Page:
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Moon festival celebrates Asian culture

Moon festival celebrates Asian culture

Ancient Chinese legend tells the story of Chang’e, the immortal Chinese goddess of the moon.  Today, various Asian cultures continue to celebrate this legend with the Mid-Autumn Festival.

UIS hosted this celebration on Sept. 21, an annual traditional holiday, sometimes referred to as the Moon Festival, in celebration of the goddess of the moon and Asian culture.  It is a time shared with family and friends to give thanks.

The legend, as recalled by UIS Chinese instructor for the Chinese Language Program, Hang Li states, “A long time ago, there were 10 suns in the sky. People were upset because of the high temperatures, it was very hot; then a man, a hunter who was good at shooting, used his arrows to shoot nine of the 10 suns out of the sky. He was a hero and was given a magic medicine that could make him and anyone who ate it, fly to the heavens, and live forever. His wife, Chang’e was curious about the medicine, ate it, and flew to the moon”..

Though there are many stories associated with this holiday, this is the one that she remembers. Li explains that the phrase, “Chang’e benyue,” Mandarin translation meaning, “Chang’e Flies to the Moon,” is often used when referring to the story. Tradition says that during the Mid-Autumn Festival, you can see Chang’e dancing on the moon.

The Mid-Autumn Festival happens during the time of the year when the moon is the fullest and there is harvest, comparable to Thanksgiving in America.  “It is one of the most important holidays in China,” said Li.

Many students of various Asian ethnicities recount their experiences with the Mid-Autumn Festival back home and in the United States. Senior Chinese students, Zitong “Sam” Zhang and Zhe Chen Chen, explain that it is a holiday dedicated to family. They gather together for dinner and give thanks to their ancestors. They take the traditional moon cake, cut it into slices and share it around the table. “Never taking a whole cake for yourself. It is always shared.”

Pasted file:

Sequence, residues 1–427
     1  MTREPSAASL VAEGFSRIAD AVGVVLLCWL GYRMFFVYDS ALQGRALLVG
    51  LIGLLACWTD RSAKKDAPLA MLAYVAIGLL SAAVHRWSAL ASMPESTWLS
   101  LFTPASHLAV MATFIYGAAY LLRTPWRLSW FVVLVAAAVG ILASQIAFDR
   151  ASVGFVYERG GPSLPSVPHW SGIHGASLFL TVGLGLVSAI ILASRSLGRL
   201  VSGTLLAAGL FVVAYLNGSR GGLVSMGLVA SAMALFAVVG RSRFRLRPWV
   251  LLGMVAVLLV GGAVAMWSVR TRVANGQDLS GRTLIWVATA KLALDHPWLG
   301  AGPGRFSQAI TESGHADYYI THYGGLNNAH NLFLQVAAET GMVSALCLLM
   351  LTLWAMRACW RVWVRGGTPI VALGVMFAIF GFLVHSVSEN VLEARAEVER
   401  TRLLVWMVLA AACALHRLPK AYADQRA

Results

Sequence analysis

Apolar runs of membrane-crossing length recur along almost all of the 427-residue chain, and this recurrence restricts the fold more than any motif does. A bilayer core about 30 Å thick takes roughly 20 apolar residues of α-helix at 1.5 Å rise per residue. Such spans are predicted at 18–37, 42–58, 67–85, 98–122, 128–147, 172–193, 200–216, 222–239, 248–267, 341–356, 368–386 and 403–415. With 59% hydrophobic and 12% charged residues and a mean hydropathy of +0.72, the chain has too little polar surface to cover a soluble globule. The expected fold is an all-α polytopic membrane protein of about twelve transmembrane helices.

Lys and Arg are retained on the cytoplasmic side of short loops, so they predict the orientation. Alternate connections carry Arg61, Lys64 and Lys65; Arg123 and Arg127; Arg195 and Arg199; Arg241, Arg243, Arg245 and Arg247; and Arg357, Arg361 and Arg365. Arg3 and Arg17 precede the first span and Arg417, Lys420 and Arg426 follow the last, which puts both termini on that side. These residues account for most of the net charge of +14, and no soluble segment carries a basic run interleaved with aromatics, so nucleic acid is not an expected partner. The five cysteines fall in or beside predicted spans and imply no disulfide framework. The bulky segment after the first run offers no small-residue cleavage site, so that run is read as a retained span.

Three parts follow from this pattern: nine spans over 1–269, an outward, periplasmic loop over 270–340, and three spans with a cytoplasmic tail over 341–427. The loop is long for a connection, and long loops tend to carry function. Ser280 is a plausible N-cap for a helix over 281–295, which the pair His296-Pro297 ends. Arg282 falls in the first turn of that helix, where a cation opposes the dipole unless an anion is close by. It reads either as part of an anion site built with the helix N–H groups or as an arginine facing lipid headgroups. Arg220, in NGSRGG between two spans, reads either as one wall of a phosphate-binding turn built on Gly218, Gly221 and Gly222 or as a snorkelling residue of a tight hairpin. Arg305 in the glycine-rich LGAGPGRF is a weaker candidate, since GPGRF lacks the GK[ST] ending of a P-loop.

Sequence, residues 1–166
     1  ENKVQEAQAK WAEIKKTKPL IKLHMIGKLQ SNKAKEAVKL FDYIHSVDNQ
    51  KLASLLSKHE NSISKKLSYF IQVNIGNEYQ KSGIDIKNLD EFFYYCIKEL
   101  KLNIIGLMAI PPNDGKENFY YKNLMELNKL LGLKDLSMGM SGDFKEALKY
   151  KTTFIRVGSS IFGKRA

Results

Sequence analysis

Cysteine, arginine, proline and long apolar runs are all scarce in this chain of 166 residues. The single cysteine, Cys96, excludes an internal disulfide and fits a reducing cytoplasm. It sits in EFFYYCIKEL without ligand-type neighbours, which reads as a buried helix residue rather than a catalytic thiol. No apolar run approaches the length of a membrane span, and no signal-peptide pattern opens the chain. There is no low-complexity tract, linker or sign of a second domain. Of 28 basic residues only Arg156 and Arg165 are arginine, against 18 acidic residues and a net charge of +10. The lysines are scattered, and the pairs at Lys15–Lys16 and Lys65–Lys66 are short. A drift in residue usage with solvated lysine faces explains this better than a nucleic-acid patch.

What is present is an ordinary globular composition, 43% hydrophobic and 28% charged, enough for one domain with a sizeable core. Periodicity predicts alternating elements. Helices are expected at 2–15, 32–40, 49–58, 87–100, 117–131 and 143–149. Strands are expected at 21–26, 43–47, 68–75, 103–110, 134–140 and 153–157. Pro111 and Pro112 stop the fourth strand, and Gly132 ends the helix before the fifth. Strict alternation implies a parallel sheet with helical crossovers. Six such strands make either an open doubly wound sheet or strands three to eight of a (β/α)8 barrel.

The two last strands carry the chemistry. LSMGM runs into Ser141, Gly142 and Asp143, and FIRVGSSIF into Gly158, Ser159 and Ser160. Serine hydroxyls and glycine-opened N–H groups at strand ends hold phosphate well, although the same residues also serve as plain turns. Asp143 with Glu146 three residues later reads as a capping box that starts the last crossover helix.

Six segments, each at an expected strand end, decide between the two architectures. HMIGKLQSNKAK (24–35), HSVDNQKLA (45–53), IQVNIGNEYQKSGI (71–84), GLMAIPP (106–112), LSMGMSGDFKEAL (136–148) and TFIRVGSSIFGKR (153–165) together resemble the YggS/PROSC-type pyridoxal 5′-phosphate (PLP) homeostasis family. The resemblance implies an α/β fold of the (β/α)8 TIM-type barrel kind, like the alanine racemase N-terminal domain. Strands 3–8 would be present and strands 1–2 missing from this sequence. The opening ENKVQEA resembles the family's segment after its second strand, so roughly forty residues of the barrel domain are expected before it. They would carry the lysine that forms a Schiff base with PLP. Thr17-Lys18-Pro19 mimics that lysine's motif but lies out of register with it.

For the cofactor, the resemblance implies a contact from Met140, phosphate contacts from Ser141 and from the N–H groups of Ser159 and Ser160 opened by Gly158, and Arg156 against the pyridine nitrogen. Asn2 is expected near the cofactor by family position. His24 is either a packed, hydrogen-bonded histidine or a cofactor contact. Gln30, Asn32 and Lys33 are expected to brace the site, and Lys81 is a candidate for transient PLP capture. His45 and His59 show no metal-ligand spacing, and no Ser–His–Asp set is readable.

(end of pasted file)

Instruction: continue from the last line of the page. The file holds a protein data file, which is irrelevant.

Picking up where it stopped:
Chen explained that it is difficult celebrating this holiday in the United States without his or her family, who are back home in China. Zhang, who moved to Chicago with her parents and younger sister, explains that they still celebrate the holiday every year.

In addition to China, Korea and Vietnam also recognize the Mid-Autumn Festival as a National Holiday. Many students recount a similar celebration in their home countries.

Korean graduate student, Paul Lee, who lived in Korea for 12 years with his family, sat around for dinner, gave thanks and shared traditional moon cake.

Vietnamese students, Son Pham, Aerie Nhung, and Phúc Hoàng explained that the Moon Festival is a significant holiday for them as well. Pham has been living in the United States for two years, and since he cannot celebrate the holiday with his family, who are still in Vietnam, he co-hosted and facilitated the Mid-Autumn Festival at UIS.

Nhung said that “the purpose is to let people know about Asia’s unique cultures.” The lanterns filled the room were placed by candles as an important symbol of the holiday. Nhung adds, “we have to have them.”

Hoàng added, by having the Mid-Autumn Festival at UIS, it brings everyone together “like a family, and people can understand Asian culture.”

The UIS Mid-Autumn, Moon Festival was hosted in association with the Asian Student Organization, Vietnamese Student Organization and Indian Student Organization.

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